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Advice for directors and officers of distressed corporations: Fiduciary duties

June 26, 2015

By MARC CARMEL, G. ALEXANDER BONGARTZ & MARK POERIO

The

(by judges in Delaware and several other relevant jurisdictions) hold that fiduciary duties are owed to the corporation that the director and officer is serving and do not change whether the corporation is solvent, approaching insolvency (described as the “zone of insolvency”), or insolvent. Based on these decisions, directors and officers should continue to exercise their duty of care and duty of loyalty to act in a manner that is best for the corporation.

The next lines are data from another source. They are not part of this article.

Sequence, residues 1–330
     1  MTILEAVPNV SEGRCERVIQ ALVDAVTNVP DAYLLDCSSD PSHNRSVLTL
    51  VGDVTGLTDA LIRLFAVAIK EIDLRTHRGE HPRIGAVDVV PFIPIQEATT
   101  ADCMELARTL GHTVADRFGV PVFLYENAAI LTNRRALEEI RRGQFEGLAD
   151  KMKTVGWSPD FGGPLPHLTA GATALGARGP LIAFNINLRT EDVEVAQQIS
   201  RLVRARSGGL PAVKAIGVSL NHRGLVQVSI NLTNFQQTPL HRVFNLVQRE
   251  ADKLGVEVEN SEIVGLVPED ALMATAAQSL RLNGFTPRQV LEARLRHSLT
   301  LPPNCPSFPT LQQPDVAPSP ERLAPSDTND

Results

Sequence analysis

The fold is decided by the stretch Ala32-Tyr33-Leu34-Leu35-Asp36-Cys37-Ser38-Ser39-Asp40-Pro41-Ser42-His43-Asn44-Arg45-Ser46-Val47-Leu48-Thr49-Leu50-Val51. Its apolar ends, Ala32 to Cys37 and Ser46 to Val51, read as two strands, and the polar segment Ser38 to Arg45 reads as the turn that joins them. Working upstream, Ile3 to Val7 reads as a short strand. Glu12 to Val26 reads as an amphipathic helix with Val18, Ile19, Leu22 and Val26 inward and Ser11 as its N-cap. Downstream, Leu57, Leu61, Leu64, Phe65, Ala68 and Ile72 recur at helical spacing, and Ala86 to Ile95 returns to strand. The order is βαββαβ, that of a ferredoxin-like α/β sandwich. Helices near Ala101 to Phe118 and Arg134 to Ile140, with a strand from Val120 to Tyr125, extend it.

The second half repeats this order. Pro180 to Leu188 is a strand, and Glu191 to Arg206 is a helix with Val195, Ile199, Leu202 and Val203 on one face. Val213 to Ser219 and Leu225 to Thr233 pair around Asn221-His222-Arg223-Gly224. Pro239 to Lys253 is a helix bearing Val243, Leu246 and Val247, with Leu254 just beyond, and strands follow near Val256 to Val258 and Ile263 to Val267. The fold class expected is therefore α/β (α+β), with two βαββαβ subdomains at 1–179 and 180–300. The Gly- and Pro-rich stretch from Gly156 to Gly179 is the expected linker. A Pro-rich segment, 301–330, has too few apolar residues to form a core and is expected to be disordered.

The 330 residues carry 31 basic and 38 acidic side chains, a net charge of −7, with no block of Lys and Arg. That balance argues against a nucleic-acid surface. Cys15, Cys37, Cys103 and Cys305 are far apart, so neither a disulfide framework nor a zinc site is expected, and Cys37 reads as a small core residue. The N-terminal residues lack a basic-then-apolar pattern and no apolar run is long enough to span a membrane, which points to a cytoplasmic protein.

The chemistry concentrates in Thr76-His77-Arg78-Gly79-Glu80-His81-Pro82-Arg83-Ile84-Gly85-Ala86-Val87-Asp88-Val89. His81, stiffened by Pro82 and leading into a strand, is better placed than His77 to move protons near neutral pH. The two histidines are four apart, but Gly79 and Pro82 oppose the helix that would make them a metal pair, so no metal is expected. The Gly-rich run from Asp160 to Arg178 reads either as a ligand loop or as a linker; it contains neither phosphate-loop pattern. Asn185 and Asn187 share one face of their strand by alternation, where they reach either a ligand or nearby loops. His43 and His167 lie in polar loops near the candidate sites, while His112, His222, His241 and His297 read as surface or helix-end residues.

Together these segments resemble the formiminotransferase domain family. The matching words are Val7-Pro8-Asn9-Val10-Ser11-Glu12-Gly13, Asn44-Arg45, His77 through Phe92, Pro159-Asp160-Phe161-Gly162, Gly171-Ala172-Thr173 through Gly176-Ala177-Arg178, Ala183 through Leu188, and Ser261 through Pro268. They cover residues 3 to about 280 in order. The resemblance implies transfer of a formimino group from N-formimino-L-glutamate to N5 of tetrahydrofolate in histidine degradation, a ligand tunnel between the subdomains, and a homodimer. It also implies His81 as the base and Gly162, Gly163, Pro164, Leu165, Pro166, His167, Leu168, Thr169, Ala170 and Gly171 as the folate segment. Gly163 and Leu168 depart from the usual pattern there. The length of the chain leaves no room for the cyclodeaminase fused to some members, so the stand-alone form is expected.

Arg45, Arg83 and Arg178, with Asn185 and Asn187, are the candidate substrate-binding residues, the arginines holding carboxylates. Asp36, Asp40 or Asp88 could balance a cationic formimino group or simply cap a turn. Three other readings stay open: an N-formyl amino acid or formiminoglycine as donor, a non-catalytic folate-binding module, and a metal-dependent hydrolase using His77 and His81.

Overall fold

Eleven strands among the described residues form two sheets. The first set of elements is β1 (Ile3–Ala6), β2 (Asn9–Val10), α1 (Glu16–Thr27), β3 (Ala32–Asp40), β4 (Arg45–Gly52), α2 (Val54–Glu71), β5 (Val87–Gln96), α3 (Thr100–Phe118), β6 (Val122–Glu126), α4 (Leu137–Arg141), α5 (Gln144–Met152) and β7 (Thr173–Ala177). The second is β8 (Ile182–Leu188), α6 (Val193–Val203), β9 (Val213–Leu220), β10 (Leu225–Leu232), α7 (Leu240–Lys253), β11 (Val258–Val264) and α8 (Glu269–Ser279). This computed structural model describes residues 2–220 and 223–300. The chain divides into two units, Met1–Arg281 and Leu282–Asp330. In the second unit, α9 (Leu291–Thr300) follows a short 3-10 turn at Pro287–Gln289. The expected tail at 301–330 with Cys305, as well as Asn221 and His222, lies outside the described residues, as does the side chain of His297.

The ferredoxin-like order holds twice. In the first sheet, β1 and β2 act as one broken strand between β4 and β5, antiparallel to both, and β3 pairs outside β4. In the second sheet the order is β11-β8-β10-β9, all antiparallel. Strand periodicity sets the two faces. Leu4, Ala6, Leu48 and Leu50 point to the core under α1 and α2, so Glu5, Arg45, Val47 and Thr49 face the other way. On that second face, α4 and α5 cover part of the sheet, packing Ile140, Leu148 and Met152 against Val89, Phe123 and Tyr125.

While duties may not change whether their corporation is solvent or insolvent, exercising those duties becomes significantly more important when the corporation is confronting distress. With distress, directors and officers will be facing many more issues operationally and financially. Additionally, if the corporation is insolvent, creditors will not be repaid in full. When that happens, creditors often look for other ways to recover what they are owed and lawsuits for breaches of fiduciary duties is one avenue they may pursue.

*This article was originally published in InsideCounsel,

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Image: G. Alexander Bongartz
G. Alexander Bongartz
Of Counsel, Corporate Department